POTSDAM - More than 100 researchers from several high- technology companies, suppliers and universities from the United States, Japan, Korea, China, Taiwan, Belgium, and Canada, gathered in Lake Placid in August for the 18th International Symposium on Chemical-Mechanical Planarization (CMP), sponsored by Clarkson Universitys Center for Advanced Materials Processing (CAMP).
Speakers included engineers and scientists from IBM, Intel, Micron, GLOBALFOUNDRIES, Samsung, SEMATECH, Ebara, Dow Electronic Materials, Cabot Micro, Applied Materials, Pall, Entegris, Fujimi, Fujiplanar, IMEC in Belgium and others. University speakers were from Kyushu University and Kyushu Institute of Technology, and Shizuoka from Japan, SKKU and Hanyang from Korea, National Taiwan University, and CNSE and Clarkson.
Chemical-mechanical planarization or chemical-mechanical polishing - CMP for short - is a process that uses nano-sized abrasives in a reactive chemical dispersion to polish various layers on the surface of wafers used in semiconductor fabrication to achieve nanolevel planarity (a flat and uniformly smooth surface).
CMP is an enabling technology that translates into faster computers, more realistic video games, smaller cell phones and more efficient performance from the various electronic devices we use daily in our homes and businesses.
Since the wafers typically have a 300 mm diameter, this planarity extends over an eight-orders-of-magnitude length scale.
This technology plays a critical role in todays microelectronics industry and is the ideal planarizing technology for use with the interlayer dielectrics and metal films used in all forms of logic and memory devices extending down to14 nanometer feature sizes. Clarkson University and CAMP are internationally recognized for expertise in this remarkable technology.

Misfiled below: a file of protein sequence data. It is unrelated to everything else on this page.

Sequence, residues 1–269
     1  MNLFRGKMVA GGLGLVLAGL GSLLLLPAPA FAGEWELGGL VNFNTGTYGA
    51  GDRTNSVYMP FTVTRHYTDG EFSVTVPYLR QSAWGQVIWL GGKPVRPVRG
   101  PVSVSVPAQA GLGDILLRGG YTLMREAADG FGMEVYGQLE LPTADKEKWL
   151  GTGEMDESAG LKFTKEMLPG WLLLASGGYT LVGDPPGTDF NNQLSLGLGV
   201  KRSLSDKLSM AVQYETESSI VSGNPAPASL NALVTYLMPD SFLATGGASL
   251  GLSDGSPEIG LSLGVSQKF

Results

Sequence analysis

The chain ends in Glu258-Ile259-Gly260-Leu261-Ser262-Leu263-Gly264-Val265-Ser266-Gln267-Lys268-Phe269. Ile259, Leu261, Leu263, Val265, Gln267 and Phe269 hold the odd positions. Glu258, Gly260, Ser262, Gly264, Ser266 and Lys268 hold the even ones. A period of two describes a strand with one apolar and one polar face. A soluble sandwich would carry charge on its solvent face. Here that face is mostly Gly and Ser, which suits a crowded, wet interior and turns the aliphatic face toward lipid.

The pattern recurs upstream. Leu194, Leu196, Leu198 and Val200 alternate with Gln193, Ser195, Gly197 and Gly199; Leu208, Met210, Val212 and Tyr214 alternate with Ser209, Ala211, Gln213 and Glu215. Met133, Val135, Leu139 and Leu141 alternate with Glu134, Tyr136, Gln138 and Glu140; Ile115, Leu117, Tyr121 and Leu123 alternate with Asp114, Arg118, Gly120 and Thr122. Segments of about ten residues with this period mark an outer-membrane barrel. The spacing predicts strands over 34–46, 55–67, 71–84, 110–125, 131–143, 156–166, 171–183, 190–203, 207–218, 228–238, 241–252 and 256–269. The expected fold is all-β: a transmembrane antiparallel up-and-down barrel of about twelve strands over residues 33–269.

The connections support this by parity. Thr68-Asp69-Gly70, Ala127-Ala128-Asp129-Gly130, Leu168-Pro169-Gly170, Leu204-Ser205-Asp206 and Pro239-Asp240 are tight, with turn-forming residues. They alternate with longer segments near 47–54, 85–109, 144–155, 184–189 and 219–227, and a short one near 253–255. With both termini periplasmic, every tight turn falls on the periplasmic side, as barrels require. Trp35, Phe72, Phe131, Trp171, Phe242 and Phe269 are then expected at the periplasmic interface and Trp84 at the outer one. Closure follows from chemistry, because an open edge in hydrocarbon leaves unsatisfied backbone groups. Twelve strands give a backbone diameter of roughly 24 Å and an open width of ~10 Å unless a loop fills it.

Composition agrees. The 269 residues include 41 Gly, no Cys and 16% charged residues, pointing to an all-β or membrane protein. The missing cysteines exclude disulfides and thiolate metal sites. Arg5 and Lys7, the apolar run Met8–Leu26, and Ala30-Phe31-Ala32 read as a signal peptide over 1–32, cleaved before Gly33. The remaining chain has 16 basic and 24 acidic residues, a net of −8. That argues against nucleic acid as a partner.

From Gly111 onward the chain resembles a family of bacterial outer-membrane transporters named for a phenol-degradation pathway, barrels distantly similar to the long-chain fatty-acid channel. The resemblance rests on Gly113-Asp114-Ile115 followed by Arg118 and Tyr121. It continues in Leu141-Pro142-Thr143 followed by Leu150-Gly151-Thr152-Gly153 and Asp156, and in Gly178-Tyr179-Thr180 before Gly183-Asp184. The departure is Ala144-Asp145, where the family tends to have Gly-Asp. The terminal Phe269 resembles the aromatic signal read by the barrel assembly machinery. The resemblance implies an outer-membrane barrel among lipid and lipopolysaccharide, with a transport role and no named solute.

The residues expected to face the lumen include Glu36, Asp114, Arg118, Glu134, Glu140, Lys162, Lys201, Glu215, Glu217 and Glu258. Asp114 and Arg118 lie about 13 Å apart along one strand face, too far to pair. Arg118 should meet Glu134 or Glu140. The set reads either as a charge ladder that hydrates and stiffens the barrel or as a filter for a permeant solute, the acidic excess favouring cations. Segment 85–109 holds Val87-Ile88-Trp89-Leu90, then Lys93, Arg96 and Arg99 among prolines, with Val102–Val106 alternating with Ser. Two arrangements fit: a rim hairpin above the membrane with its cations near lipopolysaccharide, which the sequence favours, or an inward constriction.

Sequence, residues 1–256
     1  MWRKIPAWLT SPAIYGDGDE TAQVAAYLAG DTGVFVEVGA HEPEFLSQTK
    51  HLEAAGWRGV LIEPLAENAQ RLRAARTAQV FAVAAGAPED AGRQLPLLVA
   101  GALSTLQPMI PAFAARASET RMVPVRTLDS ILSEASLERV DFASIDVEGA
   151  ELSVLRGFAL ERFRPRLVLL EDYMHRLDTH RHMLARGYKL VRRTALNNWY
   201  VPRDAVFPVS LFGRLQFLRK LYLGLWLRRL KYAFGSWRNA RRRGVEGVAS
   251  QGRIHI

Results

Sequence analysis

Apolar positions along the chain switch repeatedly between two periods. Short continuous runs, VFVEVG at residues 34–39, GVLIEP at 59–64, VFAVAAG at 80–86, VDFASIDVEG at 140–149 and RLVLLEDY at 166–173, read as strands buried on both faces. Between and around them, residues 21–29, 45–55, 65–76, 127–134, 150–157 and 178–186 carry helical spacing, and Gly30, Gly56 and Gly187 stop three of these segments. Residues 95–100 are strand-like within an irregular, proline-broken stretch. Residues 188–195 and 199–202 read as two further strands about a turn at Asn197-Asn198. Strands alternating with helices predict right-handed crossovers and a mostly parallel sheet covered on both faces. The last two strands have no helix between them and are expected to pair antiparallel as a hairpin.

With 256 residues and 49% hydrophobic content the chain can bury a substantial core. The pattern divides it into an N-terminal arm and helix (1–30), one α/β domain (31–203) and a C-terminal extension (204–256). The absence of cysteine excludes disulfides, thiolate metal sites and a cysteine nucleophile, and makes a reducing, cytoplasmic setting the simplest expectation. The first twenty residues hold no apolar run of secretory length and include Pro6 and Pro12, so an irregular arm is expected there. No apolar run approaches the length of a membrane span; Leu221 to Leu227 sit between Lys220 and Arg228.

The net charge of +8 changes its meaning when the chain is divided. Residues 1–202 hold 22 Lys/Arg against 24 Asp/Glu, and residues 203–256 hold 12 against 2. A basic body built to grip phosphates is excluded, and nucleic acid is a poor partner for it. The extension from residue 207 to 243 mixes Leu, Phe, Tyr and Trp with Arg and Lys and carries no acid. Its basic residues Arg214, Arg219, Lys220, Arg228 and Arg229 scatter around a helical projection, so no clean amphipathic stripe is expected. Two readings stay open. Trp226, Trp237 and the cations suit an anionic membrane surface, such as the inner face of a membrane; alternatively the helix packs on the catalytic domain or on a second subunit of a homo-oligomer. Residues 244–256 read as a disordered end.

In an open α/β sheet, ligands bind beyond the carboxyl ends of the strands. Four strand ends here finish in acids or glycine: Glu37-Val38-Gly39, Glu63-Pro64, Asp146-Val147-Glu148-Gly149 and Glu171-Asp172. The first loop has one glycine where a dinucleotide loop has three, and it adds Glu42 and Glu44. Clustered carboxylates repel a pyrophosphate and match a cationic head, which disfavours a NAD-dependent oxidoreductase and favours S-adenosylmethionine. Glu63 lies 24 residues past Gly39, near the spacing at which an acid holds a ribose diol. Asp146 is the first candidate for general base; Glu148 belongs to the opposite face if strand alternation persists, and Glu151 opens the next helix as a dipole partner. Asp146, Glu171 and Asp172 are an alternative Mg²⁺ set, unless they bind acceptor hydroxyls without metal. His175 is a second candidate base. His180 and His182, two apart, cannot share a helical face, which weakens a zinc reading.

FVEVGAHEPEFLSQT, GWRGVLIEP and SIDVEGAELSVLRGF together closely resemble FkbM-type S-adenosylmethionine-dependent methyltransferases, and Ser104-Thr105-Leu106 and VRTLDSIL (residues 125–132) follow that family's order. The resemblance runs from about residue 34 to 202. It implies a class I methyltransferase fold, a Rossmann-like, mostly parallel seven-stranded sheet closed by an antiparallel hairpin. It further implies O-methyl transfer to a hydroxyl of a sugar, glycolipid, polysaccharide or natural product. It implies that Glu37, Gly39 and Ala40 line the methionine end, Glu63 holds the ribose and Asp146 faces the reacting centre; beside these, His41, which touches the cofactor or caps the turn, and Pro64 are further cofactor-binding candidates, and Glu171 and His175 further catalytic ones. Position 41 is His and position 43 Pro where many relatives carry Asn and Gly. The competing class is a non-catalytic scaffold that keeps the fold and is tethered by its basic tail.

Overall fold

This years event focused on several fundamental aspects of chemical-mechanical planarization, including particle and colloidal aspects, polishing mechanisms, pad/conditioning behavior, flow characterization, copper/barrier film planarization, defects and post-polish cleaning, low-k films and integration challenges, 300 mm wafer issues and transition to 450 mm, STI (shallow trench isolation), Nitride/Poly (silicon nitride/polysilicon) and polishing of new channel and barrier materials like germanium, indium phosphide, ruthenium, cobalt, silicon carbide, etc.
Distinguished University Professor S.V. Babu, the director of CAMP, served as the lead organizer of this years symposium, as he has for the past 17 years. He was assisted by co-chairs Hirokuni Hiyama (division executive for technologies, R&D, IP Division at Ebara Corporation in Japan), Jin-Goo Park (professor, Department of Materials Engineering and vice dean at Hanyang University in Korea), Charan Surisetty (unit process engineering professional at IBM), Joseph Steigerwald (Intel fellow; technology and manufacturing group and director of Chemical Mechanical Polish Technology), Matt Prince (principal engineer, Intel), Lee Cook (technology fellow and Global Slurry R&D director, Dow Electronic Materials), and Rajeev Bajaj (director at Applied Materials).
Monday nights after dinner speaker, Mark Dougherty (IBM director – Unit Process Development, SRDC- IBM Microelectronics Division), was introduced by Clarkson University President Tony Collins. He delivered an insightful talk, titled The Silicon Process Roadmap: Where is it Taking Us?
Tuesday evening featured an award and recognition for CAMP Deputy Director John (Jack) Prendergast as he retires. Distinguished University Professor / CAMP Director S.V. Babu presented an award to Jack for his excellent contributions to CAMPs success.
The symposium included a poster session dedicated to the memory and contributions of the late Clarkson Prof. Yuzhuo Li.